Even taking Dan’s number of
p(5000, 2^24) = 0.525, that is the chance that one pair amongst the 5000 nodes gets an address conflict. One of those nodes will have to make a 2nd claim attempt which will have only a 0.0003 chance of conflicting with the 5000 assignments.
The probability that it fails to succeed by a 3rd attempt is 9e-8.
There would also be the alternative in a large network of having an address server which would supply an address with no conflicts.
My thoughts currently are that address claiming in a 2^24 address block and address serving in a 2^24 address block will serve the needs, but if discussion in task group reaches a consensus that there is also a need for a larger random address space, we could discuss whether a quadrant (2^44 addresses) should be designated for that.
Roger, and others:
Please see inline comments, responses to questions below. (Again, everything is personal opinion, not RAC position.)
On Oct 8, 2014, at 12:02 PM, Roger Marks <firstname.lastname@example.org> wrote:
I share many of Dan's concerns about partitioning the local space.
<RMG> If a vendor for example is creating virtual machines, if they use their CID, it will by definition be unique from any other vendor using their CID as the basis for creating local addresses for virtualization or any other purpose. There doesn’t have to be a single address administration function. Other thoughts of RAC members (no policy on any of this that I recall):
1. If only a portion of the CID space is used for automated assignment, then we can reserve another portion to be the “wild west” where a Local Address administrator still has free reign.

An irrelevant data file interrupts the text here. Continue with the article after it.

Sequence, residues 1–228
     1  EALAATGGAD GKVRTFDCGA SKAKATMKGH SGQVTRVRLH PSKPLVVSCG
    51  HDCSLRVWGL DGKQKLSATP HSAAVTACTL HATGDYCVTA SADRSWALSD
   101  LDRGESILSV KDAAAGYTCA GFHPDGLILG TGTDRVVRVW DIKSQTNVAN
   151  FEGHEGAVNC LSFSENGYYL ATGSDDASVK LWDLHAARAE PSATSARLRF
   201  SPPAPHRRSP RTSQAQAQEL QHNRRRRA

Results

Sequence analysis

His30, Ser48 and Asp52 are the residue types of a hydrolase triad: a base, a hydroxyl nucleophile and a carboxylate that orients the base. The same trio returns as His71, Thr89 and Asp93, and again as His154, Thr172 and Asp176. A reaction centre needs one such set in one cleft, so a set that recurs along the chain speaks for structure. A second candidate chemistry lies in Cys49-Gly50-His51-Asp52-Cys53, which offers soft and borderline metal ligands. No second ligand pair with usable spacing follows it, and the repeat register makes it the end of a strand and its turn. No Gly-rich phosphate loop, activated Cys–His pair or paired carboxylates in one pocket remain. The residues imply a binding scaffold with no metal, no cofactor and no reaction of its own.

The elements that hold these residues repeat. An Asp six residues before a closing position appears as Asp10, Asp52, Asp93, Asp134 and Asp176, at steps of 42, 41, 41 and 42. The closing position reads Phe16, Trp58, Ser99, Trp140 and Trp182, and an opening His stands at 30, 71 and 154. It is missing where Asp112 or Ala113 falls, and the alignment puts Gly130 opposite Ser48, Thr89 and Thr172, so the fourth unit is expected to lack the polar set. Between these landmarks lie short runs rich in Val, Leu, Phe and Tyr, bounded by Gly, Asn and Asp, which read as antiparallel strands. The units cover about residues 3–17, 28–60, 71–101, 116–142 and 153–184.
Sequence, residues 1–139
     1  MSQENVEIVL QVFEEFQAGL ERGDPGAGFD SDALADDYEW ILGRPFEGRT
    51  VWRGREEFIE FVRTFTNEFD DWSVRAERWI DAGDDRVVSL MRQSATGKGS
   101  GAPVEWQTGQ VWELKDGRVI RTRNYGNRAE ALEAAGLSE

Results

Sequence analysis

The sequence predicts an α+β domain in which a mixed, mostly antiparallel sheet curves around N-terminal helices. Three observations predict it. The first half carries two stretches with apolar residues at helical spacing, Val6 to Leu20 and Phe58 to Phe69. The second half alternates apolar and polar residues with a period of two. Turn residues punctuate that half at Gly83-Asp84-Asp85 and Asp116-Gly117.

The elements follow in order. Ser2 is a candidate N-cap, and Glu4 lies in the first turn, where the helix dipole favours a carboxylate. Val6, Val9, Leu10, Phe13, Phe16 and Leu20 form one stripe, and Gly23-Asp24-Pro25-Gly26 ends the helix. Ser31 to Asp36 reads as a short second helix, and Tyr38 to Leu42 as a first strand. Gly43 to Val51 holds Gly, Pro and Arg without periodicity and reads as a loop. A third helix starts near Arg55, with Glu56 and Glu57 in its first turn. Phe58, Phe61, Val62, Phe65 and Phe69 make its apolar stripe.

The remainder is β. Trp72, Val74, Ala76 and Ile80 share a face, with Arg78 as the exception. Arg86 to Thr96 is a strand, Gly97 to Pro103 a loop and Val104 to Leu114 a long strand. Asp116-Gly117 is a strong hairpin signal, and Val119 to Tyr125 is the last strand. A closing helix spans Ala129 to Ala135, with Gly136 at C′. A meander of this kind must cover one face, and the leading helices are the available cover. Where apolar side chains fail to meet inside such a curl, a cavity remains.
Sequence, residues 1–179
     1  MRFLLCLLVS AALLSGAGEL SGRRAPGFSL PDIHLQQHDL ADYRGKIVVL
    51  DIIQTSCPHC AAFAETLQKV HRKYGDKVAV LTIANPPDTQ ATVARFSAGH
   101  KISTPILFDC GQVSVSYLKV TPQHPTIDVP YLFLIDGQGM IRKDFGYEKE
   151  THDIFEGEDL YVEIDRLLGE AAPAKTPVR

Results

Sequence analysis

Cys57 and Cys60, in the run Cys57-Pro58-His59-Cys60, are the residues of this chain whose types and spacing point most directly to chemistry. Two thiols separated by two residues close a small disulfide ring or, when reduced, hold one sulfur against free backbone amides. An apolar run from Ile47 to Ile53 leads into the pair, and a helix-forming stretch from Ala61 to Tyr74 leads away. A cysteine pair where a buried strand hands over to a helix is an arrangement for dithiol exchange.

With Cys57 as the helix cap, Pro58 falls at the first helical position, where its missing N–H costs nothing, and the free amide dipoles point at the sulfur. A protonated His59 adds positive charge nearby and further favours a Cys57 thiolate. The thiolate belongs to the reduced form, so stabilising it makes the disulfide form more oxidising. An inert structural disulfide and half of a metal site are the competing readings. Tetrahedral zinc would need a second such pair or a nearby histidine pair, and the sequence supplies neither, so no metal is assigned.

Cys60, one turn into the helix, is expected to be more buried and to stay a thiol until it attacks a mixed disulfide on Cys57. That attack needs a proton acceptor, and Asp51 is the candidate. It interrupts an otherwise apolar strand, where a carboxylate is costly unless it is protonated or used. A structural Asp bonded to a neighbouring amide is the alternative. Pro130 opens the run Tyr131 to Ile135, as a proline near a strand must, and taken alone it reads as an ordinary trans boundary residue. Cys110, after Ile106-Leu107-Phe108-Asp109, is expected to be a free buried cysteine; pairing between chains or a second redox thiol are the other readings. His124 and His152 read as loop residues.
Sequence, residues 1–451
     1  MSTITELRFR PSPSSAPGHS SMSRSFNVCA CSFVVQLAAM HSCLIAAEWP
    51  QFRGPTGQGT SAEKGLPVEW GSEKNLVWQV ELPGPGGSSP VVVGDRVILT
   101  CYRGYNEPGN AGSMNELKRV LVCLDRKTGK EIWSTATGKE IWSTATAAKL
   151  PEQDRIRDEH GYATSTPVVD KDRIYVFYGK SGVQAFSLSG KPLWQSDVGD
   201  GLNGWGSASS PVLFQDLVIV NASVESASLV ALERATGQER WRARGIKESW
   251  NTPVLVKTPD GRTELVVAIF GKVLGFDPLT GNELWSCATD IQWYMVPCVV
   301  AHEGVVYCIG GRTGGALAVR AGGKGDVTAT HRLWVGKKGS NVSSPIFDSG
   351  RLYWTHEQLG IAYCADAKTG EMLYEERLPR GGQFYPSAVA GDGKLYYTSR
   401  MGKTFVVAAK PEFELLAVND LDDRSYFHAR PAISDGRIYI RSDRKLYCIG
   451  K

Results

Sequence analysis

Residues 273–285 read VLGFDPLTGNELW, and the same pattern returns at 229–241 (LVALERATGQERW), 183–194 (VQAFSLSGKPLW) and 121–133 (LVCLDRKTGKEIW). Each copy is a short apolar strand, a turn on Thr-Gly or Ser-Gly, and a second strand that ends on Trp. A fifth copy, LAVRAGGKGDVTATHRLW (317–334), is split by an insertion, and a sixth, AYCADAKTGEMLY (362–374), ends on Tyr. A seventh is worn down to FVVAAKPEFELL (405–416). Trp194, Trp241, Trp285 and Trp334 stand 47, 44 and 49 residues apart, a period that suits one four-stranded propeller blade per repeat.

2. We can gather up and publish somehow a list of local addresses that people have assumed to be usable. Some local addresses are specified in standards.
3. We can consider giving priority to current OUI assignees to get the corresponding CID (numbers only differing by the U/L bit). This would legitimize those users that assumed (they had rights to do this). (Big debate should we reaward someone that just assumed rights that weren’t expressly granted?) BTW, The RAC administrator just received a question last month stating the assumption that they had rights to flip the U/L bit of an assigned OUI and nobody else would be assigning a Local Address with that value—nothing that RAC policy suggests they could assume but not uncommon.
<RMG> What of any of this RAC thinking/discussion would be included in the p802c draft is not an issue for the PAR, but rather for draft development and balloting. BTW, it wasn’t only RAC thinking, but 802.1 and IETF that contributed to launching the CID recognizing possibilities for use in automated local address creation.
<RMG> On the privacy point, a CID based address is better than an EUI used as a MAC address as it is not repetitively used by a device (24-bits could still effectively be random) from the snooping point of view. If it were turned around and the CID is one used by the local address administrator, then the local MAC address that a device is using tell you nothing about that device. Using CID in diagnosis was not a consideration as far as I recall either during RAC discussions or in possible protocols I’ve heard described.
<RMG> If there were multiple DHCP devices in your house that didn’t communicate, that would be one way to allow both DHCP devices to not assign duplicates. I believe Fibre Channel Over Ethernet has sufficient specification (like DHCP) so that this would not be needed, but if the RA assigns the appropriate CID to FCOE, then no virtulization vendor or Internet of Things vendor would be assigning duplicates with the FCOE application.
<RMG> There are also possibilities that the function is more that of a software vendor, operator or other rather than a hardware manufacturer. (Though CID use in many of these cases is not for MAC addresses but rather for Context Dependent Identifiers.)
(b) The local network administrator? This seems to be like saying that every locally-assigned DHCP address in my house should have some bits that are unique to my house. What use is that? Local is local; what good is making it partially global?